“But Bleacher Fan,” I hear you say… “it’s not his parents or his music teacher telling him he’s great – these are professional baseball scouts that know what they are talking about.”

Scouts aren’t fortune tellers. They just try to spot potential talent, and that’s ALL Bryce Harper is – potential talent. Don’t forget, professional scouts also thought that Tito Nanni was going to be a good ballplayer in the Majors, having come right out of high school!

As a Major League General Manager, there is no way I’m drafting Harper or any other child athlete (‘phenom’ is such an unfair label to place on a child).

Consider the fact that Harper hasn’t matured mentally. I remember when I was 16-years-old. Dealing with the pressure of homework was enough stress for me. I couldn’t imagine having to bear the burden of maintaining performance because I was signed to a big-league contract.

I can also remember how hard it was to receive criticism for something as simple as when my socks didn’t match. That was devastating to me. So once again, I couldn’t imagine being placed under the microscope that professional athletes are. The criticism that he receives, both on AND off the field, could lead to serious emotional problems.

While they are not MLB players, consider the Olsen Twins, Britney Spears, Todd Bridges, the two Coreys, or Danny Bonaduce. All of these examples are kids who were given the responsibility (and income) of full-grown adults, and all of them were unable to handle the pressures that come with that responsibility.

Many grown men aren’t even mature enough to deal with the responsibilities and pressures of being a professional athlete. Consider what those pressures have done to guys like John Daly, Josh Hamilton, or Plaxico Burress. These are grown men who have acted like irresponsible children. Unfortunately, because they had the financial means to get into “real” trouble, their irresponsibility was compounded. Imagine putting the financial means that those guys have in the hands of a child.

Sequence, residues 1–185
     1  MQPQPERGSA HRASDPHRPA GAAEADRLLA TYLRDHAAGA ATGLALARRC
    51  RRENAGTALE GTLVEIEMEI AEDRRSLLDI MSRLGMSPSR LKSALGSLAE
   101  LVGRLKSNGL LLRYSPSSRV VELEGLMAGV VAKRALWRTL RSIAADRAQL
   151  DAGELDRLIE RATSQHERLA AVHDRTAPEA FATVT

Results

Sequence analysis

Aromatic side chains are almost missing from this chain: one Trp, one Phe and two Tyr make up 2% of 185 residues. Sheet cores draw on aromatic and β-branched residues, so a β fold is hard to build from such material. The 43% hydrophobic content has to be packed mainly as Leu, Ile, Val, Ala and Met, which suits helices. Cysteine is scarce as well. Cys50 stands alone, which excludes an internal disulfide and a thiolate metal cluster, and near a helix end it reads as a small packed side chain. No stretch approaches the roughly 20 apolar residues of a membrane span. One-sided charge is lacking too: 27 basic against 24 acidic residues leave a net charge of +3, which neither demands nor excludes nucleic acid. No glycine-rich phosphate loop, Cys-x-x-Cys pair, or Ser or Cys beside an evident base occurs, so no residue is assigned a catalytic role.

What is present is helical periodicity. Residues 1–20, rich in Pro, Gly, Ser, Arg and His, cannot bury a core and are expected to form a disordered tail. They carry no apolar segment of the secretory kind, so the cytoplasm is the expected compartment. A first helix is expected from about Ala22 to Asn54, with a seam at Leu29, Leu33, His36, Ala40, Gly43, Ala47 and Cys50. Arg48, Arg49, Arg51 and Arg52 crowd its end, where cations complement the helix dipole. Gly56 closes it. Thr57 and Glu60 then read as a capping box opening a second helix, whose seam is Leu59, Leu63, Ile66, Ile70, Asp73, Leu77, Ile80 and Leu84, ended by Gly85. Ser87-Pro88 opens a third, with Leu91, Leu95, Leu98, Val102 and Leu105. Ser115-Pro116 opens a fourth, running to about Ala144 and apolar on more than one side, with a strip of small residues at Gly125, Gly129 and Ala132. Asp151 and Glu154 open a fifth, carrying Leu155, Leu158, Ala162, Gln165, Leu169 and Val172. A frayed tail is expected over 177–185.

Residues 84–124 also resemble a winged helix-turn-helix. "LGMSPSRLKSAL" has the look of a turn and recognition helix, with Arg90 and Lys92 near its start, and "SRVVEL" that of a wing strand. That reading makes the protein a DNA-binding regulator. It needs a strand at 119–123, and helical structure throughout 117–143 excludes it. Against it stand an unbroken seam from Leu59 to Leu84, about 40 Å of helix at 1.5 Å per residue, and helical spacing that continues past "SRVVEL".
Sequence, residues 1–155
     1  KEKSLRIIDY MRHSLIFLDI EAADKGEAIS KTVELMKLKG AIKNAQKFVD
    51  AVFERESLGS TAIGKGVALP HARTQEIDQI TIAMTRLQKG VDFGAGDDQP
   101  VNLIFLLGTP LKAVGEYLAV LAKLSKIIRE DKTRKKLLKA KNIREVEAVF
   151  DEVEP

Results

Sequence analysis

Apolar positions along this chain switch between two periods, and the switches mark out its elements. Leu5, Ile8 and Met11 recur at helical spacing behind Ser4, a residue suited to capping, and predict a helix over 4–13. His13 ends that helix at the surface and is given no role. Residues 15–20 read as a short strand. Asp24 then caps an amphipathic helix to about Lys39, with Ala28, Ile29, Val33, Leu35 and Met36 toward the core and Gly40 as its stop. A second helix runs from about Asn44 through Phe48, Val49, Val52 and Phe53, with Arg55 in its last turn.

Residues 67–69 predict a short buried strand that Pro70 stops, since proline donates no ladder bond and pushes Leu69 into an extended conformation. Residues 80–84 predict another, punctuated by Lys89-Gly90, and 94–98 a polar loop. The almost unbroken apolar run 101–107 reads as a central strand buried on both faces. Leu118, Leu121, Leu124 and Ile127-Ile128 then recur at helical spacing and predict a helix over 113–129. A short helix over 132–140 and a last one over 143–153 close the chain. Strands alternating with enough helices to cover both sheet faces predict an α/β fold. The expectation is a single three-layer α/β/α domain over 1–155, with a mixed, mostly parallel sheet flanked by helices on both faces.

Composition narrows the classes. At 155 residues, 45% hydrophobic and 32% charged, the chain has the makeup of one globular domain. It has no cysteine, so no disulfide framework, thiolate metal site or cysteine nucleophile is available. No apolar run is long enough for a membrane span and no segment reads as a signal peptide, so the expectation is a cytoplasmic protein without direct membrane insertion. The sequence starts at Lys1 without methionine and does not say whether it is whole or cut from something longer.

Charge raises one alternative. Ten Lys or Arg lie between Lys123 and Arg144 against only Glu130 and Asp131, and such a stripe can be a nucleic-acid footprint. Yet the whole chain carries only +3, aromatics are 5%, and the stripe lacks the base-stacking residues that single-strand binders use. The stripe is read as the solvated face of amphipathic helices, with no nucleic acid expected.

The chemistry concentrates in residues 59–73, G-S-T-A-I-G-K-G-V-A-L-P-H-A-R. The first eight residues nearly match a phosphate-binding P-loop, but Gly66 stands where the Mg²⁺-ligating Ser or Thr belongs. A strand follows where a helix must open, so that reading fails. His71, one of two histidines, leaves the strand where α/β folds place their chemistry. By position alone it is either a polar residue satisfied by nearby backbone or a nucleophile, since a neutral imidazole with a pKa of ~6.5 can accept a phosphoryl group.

Kellen Winslow, Jr. is another perfect example of the immaturity that professional athletes can demonstrate. He thought he was invincible and could do whatever he wanted, so he rode a stunt-bike and nearly ended his career before it even started. If Winslow, who was nearly ten years older than Harper is now, could be so foolish as to do something like that, what would a 16-year-old kid do?

To counter-balance all of those arguments, people will bring up LeBron James as a ‘look how good HE turned out’ example. Even LeBron James, though, finished high school, and he is only ONE example of how it could work right. Compared to all the examples that went poorly, I would consider him the exception, not the norm.

I’m not arguing that Bryce Harper will be a bust in professional baseball. My only concern is that he has barely begun to figure out for himself who he is, so how on earth could professional scouts have any idea what he will become? There is too much risk for both a team – and for Harper – to gamble on now. At any point, on any given day, if Bryce Harper chooses to make just one stupid mistake (which 16-year-old kids are apt to do) it could ruin his entire career, and cost the organization a great deal of money.

If he really IS as great as everyone expects him to be, then the extra couple of years experience under the spotlight would do him good, and he’ll still be available in a few years time… patience is a virtue. In the meantime, I’ll pass on the kid and go for the guy who’s actually proven himself against more talent than little Tommy Higginson, Dr. Higginson’s kid from Henderson who just figured out how to throw a curve ball last week.